Many people had hoped for revelations, but after 35 years, the testimony of ex-RAF terrorist Verena Becker did not shed more light on the murder of former federal prosecutor Siegfried Buback. .
Verena Becker had been silent for a long time. The trial of the former German terrorist had been going on for 18 months when she suddenly announced that she was prepared to talk about the murder of Siegfried Buback, a German federal prosecutor who was shot and killed at close range by two people on a motorcycle on April 7, 1977, in Karlsruhe.
A joint plaintiff in the case, Buback's son, Michael, had hoped for details at the Stuttgart trial to give him some kind of closure after so many years.
But Becker on Monday told the court "I wasn't there" and that she was "never involved in the concrete planning." She was convicted of the attempted murder of a policeman in another case in 1977 and sentenced to life in prison. She was granted a pardon by then-German President Richard von Weizsäcker after serving 12 years in jail.
Her new trial began in September 2010. Federal prosecutors have again accused Becker of participating in the planning, preparation and execution of the Buback murder. Police found traces of her DNA on a letter claiming responsibility.
History won't be rewritten
DW spoke with Butz Peters, a lawyer and expert in the history of Germany's leftist Red Army Faction (RAF), and asked him about the significance of Becker's testimony.
DW: Verena Becker testified that she did not shoot Siegfried Buback, was not involved in his murder and does not know who pulled the trigger. What effect have her comments had on the proceedings?
Butz Peters: The result is that the history of Germany's RAF terrorists will not have to be rewritten, at least, not due to the testimony of Verena Becker. Up to now, it was mostly assumed that - based on two court rulings from 1980 and 1985 - that three perpetrators were involved in the murder of Buback: Christian Klar, Knut Volkers and Günter Sonnenberg. Who fired the shots has never been determined.
The two courts assumed that two of the three men were on the motorcycle, that the one sitting behind the driver fired the shots, and that the third was waiting in a getaway car.
This theory is based on two suppositions: one, that before the crime all three were seen in the vicinity. And two, that other members of the group had not replaced them.
This has been the decisive issue and is part of RAF history: Could it possibly be that the two courts were wrong and could their suppositions be disproved? The answer now is: no. Even if some people may have expected it, the theories were not refuted, and that means the history remains as it was.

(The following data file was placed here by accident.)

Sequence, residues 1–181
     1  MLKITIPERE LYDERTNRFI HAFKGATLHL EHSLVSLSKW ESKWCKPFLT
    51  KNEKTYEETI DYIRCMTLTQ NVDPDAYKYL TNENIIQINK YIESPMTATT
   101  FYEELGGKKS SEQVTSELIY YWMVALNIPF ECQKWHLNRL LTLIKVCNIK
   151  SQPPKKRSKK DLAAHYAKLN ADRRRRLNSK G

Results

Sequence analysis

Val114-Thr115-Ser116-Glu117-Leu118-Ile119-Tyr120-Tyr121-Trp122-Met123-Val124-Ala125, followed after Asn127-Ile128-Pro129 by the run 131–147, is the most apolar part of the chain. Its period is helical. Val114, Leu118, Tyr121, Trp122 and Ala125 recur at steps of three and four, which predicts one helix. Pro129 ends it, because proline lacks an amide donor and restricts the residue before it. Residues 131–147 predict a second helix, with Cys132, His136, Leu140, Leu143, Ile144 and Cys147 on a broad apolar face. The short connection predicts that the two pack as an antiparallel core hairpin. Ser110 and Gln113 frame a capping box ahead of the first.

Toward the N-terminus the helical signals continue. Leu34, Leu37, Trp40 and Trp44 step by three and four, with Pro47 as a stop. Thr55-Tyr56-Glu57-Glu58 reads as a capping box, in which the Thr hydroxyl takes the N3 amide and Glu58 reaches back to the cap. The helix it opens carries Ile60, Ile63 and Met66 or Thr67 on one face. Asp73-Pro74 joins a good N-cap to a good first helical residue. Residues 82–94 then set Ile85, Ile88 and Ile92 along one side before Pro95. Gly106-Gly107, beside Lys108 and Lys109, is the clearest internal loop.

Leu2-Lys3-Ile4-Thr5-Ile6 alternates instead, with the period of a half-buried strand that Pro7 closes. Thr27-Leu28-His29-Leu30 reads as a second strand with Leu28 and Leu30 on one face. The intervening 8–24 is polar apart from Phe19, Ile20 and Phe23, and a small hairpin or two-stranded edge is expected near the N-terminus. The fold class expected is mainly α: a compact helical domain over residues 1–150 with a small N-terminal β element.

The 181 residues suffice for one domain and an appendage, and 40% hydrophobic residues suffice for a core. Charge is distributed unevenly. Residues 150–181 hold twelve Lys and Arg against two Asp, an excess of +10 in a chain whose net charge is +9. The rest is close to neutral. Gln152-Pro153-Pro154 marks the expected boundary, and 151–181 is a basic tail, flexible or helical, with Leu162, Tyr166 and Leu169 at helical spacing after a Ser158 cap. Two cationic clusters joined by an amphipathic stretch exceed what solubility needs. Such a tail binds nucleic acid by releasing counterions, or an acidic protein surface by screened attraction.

Does the testimony of the accused - independent of the judicial impact - alter anything with regard to understanding the murder or the person of Verena Becker?
It changes nothing about the role of Verena Becker, who was initially with the June 2nd Movement in Berlin before switching to the RAF. There is still the big chapter with regards to "what she told the German domestic intelligence services." This is mostly in the dark. But, basically, a few new facts will have to become known in order to convict her in her new trial.
Hard to prove
Public interest in the Becker case is substantial. There was great interest when she said she would testify. It was hoped that some new spectacular details would become known.
The great interest has been around since the beginning and this is downright surprising. Although the trial has been going on for a year and a half, very few concrete details have emerged that would prove that Verena Becker had something to do with the crime. There was an exhaustive investigation with former witnesses, but nothing was found. Of course, Becker has two experienced defense attorneys and one defense strategy is to wait and see what comes up on the table. But there was nothing. The murder took place in April 1977 and Verena Becker could add a final touch to her argument by saying that before she was arrested in May of 1977 she had never been in Karlsruhe. I think the prosecutors are going to have a very difficult time trying to prove the theory that she helped plan and carry out the murder of Buback.
Does this mean that the RAF story is still an open wound, which calls for not leaving out even the smallest clarifying detail?
You have to realize that for the plaintiffs - that is, the federal prosecutors - the whole affair is a thorn in their side. Siegfried Buback was a federal prosecutor murdered by the RAF. Then, his son, Michael, published a series of newspaper articles as well as a book alleging that the case had not been sufficiently investigated. So, naturally, there was an interest to leave no stone unturned. It is also not surprising that after 35 years, memories fade, that possible evidence is no longer available, so that there are not enough leads remaining to round out the picture.
Michael Buback's motives are all too understandable - that he wants to clear up the circumstances of his father's death. But aren't federal prosecutors running the risk of an embarrassing end to the trial, if they know from the start that nothing new will come of it?
Yes, but perhaps this also speaks for the federal prosecutor's office. Those who were involved in the case in 1977 are no longer there. So today they are saying all the theories proposed at the time will be examined again, all those accused and convicted. Everything is being put to the test one more time.
Author: Günter Birkenstock /gb
Editor: Michael Lawton